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Seven dignitaries with the shovels at the groundbreaking for the new Labovitz School of Business and Economics

Wednesday's groundbreaking took place under blazing skies. Left to right: Regent Patricia Simmons, Governor Tim Pawlenty, donors Joel Labovitz and Sharon Labovitz, Chancellor Kathryn Martin, Dean Kjell Knudsen, and Perkins+Will architect Jeff Ziebarth.

UMD breaks ground for new business school

By Gayla Marty

July 28, 2006

Gov. Tim Pawlenty joined Chancellor Kathryn Martin, donors Joel and Sharon Labovitz, and a crowd of other campus and community leaders July 26 to break ground for the new Labovitz School of Business and Economics at the University of Minnesota, Duluth. Excitement was palpable under sunny skies as the dignitaries donned hard hats and turned over a patch of dirt near another recent building--UMD's library--on the growing campus overlooking Lake Superior.

Over the past 10 years, UMD as a whole has seen a 40 percent increase in enrollment, creating a need for additional educational space. The Labovitz School will be the fifth new campus building since 2000. Its move into new quarters in 2008 will relieve some of UMD's space shortages by allowing other undergraduate programs to relocate.

The Labovitz School first opened in 1974. Enrollment has grown to 1,800 undergraduates and 60 graduate students--50 percent over the current building's capacity. Most undergraduate students come from Minnesota, and the part-time evening MBA program draws students from throughout the region. About 85 percent of the school's graduates stay in Minnesota.

Sharon and Joel Labovitz, seated at the ground breaking event.
Donors Sharon and Joel Labovitz attended ceremonies July 26. Joel Labovitz, UMD, '49, is a prominent Duluth businessman and taught the school's first courses in entrepreneurship. Photo by Brett Groehler.

"The building we're in is great, but it's just too small," says Labovitz School dean Kjell Knudsen, a faculty member since 1979. "The new one will be a wonderful house for an outstanding undergraduate program and very good graduate program. And there is no doubt that it will help us recruit students and faculty members."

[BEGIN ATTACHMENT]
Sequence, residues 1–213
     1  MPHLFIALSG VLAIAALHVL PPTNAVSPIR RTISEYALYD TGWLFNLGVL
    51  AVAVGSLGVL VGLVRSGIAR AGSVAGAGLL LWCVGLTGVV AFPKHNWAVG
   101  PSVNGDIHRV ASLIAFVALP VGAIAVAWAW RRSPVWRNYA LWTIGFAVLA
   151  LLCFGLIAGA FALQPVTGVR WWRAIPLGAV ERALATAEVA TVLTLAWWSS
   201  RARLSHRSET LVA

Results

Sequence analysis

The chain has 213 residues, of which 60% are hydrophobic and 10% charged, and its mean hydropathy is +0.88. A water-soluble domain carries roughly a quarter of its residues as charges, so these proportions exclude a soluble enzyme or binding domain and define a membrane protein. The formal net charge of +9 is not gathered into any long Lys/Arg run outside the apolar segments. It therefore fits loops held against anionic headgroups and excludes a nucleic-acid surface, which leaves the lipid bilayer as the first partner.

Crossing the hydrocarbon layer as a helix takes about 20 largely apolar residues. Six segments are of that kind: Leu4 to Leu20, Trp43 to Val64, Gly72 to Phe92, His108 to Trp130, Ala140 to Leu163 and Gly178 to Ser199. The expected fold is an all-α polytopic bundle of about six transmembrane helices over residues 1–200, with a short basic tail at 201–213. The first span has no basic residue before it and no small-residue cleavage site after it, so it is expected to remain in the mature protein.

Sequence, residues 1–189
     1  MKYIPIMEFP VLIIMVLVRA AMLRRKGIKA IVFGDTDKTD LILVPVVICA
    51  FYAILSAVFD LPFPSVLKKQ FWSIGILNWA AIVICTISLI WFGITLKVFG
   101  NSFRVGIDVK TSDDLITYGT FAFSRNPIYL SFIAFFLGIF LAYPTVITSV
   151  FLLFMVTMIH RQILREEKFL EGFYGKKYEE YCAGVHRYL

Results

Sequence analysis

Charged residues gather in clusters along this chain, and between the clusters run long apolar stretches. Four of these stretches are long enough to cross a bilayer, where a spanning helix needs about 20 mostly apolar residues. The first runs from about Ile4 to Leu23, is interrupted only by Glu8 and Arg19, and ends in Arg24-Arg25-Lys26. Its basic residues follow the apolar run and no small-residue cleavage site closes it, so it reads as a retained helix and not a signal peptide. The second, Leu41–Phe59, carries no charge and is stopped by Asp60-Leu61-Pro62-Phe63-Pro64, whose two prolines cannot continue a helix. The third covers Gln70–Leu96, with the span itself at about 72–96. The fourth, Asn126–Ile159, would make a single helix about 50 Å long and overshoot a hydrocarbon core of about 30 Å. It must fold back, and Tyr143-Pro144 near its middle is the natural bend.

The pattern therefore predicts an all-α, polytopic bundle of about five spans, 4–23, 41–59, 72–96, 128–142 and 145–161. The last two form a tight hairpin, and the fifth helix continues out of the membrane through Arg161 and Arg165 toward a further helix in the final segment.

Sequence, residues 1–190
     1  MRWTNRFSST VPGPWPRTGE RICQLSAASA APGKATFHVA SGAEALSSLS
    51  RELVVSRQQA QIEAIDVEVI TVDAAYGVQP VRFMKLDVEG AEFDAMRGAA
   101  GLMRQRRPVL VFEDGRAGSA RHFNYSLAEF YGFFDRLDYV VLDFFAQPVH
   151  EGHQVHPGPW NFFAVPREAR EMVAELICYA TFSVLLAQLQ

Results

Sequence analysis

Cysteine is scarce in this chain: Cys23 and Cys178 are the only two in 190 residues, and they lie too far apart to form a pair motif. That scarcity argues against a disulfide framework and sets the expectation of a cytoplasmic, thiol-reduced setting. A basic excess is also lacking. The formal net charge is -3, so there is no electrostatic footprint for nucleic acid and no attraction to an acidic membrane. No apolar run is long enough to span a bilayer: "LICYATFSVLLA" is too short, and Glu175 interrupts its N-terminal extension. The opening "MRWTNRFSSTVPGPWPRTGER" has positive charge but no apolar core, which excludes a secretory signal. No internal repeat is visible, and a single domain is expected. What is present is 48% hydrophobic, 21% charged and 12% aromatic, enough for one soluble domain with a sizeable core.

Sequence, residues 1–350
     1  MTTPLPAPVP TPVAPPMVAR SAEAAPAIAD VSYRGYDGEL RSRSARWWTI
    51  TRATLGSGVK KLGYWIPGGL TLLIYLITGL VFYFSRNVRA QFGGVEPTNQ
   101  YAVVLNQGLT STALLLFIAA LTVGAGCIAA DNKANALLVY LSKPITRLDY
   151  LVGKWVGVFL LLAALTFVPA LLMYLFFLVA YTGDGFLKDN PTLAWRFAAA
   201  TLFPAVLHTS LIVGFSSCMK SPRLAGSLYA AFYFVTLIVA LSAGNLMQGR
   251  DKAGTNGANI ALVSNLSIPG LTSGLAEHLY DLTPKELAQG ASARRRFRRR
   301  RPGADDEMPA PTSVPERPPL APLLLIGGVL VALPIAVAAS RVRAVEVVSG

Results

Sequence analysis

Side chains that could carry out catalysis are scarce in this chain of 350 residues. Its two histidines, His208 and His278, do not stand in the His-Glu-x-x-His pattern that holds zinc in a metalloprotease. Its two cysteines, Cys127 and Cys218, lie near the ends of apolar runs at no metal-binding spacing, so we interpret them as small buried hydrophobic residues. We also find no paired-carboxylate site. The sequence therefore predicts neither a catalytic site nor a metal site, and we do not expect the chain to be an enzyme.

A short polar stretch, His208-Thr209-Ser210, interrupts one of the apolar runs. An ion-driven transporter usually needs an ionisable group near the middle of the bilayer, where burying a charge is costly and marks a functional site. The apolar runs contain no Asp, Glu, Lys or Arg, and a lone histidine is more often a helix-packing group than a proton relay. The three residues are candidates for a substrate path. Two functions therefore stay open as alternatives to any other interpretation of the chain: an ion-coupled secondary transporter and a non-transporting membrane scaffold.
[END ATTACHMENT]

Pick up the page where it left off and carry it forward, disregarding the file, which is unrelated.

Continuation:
Beginning in fall 2008, the new building will provide general-purpose classrooms, specialized academic teaching laboratory spaces, and a large lecture hall as well as faculty, administrative, and student support offices. Conference rooms and student gathering and study space will also be available.

The total project cost will be $23 million, funded in part by a $4.5 million gift from Duluth natives Joel and Sharon Labovitz and in part by $15.3 in capital bonding approved by the Minnesota Legislature in May.

Knudsen became dean nine years ago, when "enrollment was starting to explode." He's been a key part of the boom in business education at UMD, crediting Chancellor Martin for the leadership and the Labovitz family for the generosity to realize UMD's potential and benefit of the entire region of northeastern Minnesota. Knudsen enjoyed the humor and good feeling of Wednesday's events.

"It's a great testimony for the Labovitz family," says Knudsen. "When somebody gives back to the community as they have, it's a wonderful thing."

Green design

Architectural drawing of Labovitz School building.
Architectural drawing of the new building. See a larger photo in the UMD news release. Courtesy Perkins+Will.

Architects for the project are Perkins+Will, an international firm that excels in environmentally sound design. In Minnesota, the firm has also designed the Molecular Cellular Biology building and Translational Research Facility on the Twin Cities campus.

The three-story, 65,000-square-foot building will be the first public higher education building in Minnesota certified for Leadership in Energy and Environmental Design (LEED) by the U.S. Green Building Council.

LEED certification includes features such as efficient plumbing, heating, and cooling, use of recycled materials, a percentage of wood certified by the Forest Stewardship Council, and landscape preservation.

"The building site is interesting because part of the rainwater runoff goes into Tischer Creek and part goes into Oregon Creek," says UMD project manager John Rashid. "That's why we had to build two rainwater holding areas on different ends of the building."

Landscaping will retain and cool rainwater, slowing runoff into the creeks. UMD is a leader in adopting practices to protect Duluth's urban environment and the water quality of Lake Superior.

The builder for the project will be Olson J. Boldt Construction, UMD officials announced Monday. The same firm built the UMD library adjacent to the new building.


Among approximately 1,300 business colleges in the nation, the Labovitz School is one of only 425 accredited by the Association to Advance Collegiate Schools of Business International.

See also "Building management" (January 1, 2006) and "Minnesota Legislature funds $15.3 million for LSBE building.